For me at least, the most enjoyable parts of this collection of Savage Sword Of Conan issues are the interstitial bits of art running between the main stories, single frames that fill entire pages and suggest stories in Conan's past just beyond our collective ken.
Conan trapped behind a pillar between a hooded figure and a giant Gila monster...Conan knee-deep in water awash in the tentacles of a sea monster he has just turned into calamari...Conan slashing away at Neanderthals in a snow drift...Conan protecting a woman as he lifts an attacker to throw him off a cliff...
What you don't get in "Savage Sword Of Conan Vol. 4" is the same high class of stories you got in the first three volumes. A significant letdown was bound to happen; the people behind the series ran out of stories by Conan's creator Robert E. Howard and had to rely on the iffier talents of L. Sprague de Camp. Yet the art is consistently good, not only from lead penciller John Buscema but Tony De Zuniga, Sal Buscema, and others. They give these stories a cinematic range and hard-edged feeling to keep you flipping pages.
While never subject to the Comics Code, it took a few years for "Savage Sword Of Conan" to ease itself from its strait jacket of relative probity regarding such things as nudity and decapitation and embrace the possibilities of an adult comic. By 1979, when these issues were published, "Savage Sword" was a-poppin' in naked female breasts and flying heads. Splash pages now feature disrobed women screaming in their beds, while blood splatters many a Conan foe.
Did scripter Roy Thomas get a bit lazy and formulaic in the process? I don't think these issues present him or Conan at their best. One story features his underwater frolicking a la "Blue Lagoon" with a nubile widow. Another has him attacking a horde of Amazons armed with a giant stalk of celery.
Some of the fault is de Camp's, whose Conan stories here are often underbaked and imitative of Howard's best. "Moon Of Blood," for example, is a lame retread of the classic Howard tale "Beyond The Black River," justified as a kind of sequel, but one in which Conan must again be surprised by the same kinds of threats. "Legions Of The Dead" twists the naturalistic world of Conan as created by Howard by pitting Conan against a nation of zombie manipulators.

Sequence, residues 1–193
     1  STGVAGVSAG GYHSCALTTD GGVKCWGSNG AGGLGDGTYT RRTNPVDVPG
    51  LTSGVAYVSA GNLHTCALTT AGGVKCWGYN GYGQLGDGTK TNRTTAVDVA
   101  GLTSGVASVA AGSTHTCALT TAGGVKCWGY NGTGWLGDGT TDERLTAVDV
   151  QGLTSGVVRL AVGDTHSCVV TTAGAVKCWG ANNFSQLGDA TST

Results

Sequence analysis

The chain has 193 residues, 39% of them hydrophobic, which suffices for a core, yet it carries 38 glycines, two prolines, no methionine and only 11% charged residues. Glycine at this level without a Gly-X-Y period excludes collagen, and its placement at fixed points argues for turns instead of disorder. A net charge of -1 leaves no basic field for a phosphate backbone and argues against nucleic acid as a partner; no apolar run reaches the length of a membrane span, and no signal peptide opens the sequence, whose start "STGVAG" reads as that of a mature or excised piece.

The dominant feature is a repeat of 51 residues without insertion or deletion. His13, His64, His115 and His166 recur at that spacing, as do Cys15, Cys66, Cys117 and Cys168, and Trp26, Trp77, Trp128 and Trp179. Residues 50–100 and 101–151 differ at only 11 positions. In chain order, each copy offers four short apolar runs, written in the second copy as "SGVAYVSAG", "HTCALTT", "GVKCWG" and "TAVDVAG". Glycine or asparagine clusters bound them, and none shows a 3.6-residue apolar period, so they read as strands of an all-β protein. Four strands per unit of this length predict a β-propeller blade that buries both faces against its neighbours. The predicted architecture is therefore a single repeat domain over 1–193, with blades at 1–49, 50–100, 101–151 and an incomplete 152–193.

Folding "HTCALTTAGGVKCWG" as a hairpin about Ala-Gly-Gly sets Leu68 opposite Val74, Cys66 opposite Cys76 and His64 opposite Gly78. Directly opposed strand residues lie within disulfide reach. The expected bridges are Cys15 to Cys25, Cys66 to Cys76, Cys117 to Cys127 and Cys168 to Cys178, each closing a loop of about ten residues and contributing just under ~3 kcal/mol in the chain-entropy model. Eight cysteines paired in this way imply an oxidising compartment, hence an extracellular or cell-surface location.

The two big stories here, covering half of the total book, are an adaptation of the de Camp/Lin Carter novel "Conan The Buccaneer" and of a Howard story, "The Treasure Of Tranicos." Both feature Thoth-Amon, a mighty wizard who Howard himself only used sparingly in one story because Conan can't realistically be expected to fight a superintelligent, supernatural being unless he's as prone to distraction as Thoth-Amon is in these two adaptations.
While both stories are convoluted, they are held together by often-fantastic art, including, for the first half of "Tranicos," a team-up of John Buscema and Gil Kane that brings out the best in both legendary artists even though they represent quite different graphic styles. The good stories here benefit, too: John's brother Sal delivers great facial details in "The Star Of Khorala," a solid sequel to Howard's "Shadows In Zamboula," while the best story here, "The Gem In The Tower," has both lush jungle scenery and the title edifice from which Conan goes mano-a-mano in mid-air against a Nosferatu-like wight.
Even "Gem" isn't that much of a gem storywise; it's just shorter and less formulaic with Conan showing his brainier side. But the art is such a joy, you don't care. In both Howard's and Thomas's hands, Conan has read much better than he does here, but he has seldom looked as fantastic.